- Polynesian Settlement: The islands of Wallis and Futuna were originally settled by Polynesian peoples, likely from Tonga and Samoa, around 1,000 BCE. These early settlers brought their culture, language, and social structures to the islands.
- European Contact: The first recorded European contact with Wallis and Futuna occurred in 1616 when Dutch explorers Jacob Le Maire and Willem Schouten encountered the islands. Later, British and French explorers visited the islands in the 18th and 19th centuries.
- French Influence: In the 19th century, France established a presence in Wallis and Futuna. The islands were officially declared a French protectorate in 1887, and later became a French colony in 1917. French administration brought changes in governance, infrastructure, and cultural assimilation.
- World War II: During World War II, it served as a base for Allied forces in the Pacific. The islands were used as a strategic location for military operations and supply support.
- Transition to Overseas Collectivity: In 1959, Wallis and Futuna were designated as an overseas territory of France. This status gave the islands greater autonomy and control over their internal affairs, while remaining under French jurisdiction.
- Cultural Preservation: Throughout history, the people of Wallis and Futuna have worked to preserve their Polynesian culture and traditions. Traditional customs, language, dance, and art have been maintained and passed down through generations.
- Modern Era: In recent years, Wallis and Futuna have continued to develop economically, with a focus on sectors such as agriculture, fishing, and small-scale industries. The islands have maintained close ties with France and have representation in the French National Assembly.
Today, Wallis and Futuna remain a French overseas collectivity, with a unique blend of Polynesian and French influences shaping the islands’ culture, governance, and way of life.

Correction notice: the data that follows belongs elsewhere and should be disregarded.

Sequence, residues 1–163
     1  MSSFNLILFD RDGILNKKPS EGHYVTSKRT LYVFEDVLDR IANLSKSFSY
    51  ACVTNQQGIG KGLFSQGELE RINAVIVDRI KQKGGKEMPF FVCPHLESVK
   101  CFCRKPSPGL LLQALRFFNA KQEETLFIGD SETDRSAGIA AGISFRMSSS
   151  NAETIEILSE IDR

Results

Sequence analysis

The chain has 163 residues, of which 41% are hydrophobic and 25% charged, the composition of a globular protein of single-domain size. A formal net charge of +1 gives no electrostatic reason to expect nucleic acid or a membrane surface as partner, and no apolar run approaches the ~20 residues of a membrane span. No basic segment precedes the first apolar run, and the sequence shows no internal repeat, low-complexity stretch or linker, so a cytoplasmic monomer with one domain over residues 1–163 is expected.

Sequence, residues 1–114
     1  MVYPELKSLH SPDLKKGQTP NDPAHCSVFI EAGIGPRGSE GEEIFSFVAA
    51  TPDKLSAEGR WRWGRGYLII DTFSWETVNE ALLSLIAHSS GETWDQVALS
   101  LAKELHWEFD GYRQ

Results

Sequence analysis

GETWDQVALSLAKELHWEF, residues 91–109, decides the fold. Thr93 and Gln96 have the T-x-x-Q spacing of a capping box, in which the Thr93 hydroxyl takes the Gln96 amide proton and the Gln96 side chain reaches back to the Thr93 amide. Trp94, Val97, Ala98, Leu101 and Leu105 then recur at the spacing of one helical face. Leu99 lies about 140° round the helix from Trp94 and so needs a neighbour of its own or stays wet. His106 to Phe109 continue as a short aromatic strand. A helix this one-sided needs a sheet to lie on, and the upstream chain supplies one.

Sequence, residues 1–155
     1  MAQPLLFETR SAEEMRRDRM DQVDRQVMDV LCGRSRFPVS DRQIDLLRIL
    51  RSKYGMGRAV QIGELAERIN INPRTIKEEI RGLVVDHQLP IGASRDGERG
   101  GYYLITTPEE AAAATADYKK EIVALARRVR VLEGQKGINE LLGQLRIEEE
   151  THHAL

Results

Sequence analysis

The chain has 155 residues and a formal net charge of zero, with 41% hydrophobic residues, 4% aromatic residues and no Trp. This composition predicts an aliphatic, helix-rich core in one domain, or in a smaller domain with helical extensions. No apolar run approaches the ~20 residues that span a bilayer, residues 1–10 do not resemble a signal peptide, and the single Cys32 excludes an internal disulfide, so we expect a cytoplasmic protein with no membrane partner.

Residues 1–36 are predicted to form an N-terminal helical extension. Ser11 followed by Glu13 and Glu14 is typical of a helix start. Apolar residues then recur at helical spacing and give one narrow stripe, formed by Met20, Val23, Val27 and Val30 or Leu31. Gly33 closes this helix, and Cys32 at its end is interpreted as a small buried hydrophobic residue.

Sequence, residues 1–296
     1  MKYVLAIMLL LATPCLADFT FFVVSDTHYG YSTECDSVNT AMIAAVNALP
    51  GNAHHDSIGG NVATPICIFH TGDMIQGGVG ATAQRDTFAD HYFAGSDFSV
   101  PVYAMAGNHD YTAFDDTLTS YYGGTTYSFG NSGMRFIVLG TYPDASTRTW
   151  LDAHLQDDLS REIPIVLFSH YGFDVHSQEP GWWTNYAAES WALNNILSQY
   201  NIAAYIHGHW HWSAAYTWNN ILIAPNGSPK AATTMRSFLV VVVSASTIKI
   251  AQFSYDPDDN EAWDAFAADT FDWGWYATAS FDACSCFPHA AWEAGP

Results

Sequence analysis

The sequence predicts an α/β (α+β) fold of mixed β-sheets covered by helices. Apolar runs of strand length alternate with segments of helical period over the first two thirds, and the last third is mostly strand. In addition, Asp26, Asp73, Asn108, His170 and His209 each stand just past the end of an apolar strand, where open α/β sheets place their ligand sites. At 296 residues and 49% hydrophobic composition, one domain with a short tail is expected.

When was Wallis and Futuna discovered?
The islands of Wallis and Futuna were likely discovered by Polynesian voyagers, who settled in the region around 1,000 BCE. These early settlers came from other Polynesian islands, such as Tonga and Samoa, and established communities on Wallis.
In terms of European contact, the first recorded encounter with it by Europeans was in 1616. Dutch explorers Jacob Le Maire and Willem Schouten sighted the islands during their voyage through the Pacific. They named the island of Futuna “Hoorn Island” after the Dutch city of Hoorn.
Subsequently, British and French explorers visited the islands in the 18th and 19th centuries, contributing to further knowledge and documentation of the region. However, it was the French who eventually established a more permanent presence and exerted greater influence over Wallis and Futuna, leading to its status as a French protectorate in 1887 and later as a French colony in 1917.
So, while the Polynesian settlement on Wallis predates European contact by centuries, the islands were first officially discovered by Europeans in 1616.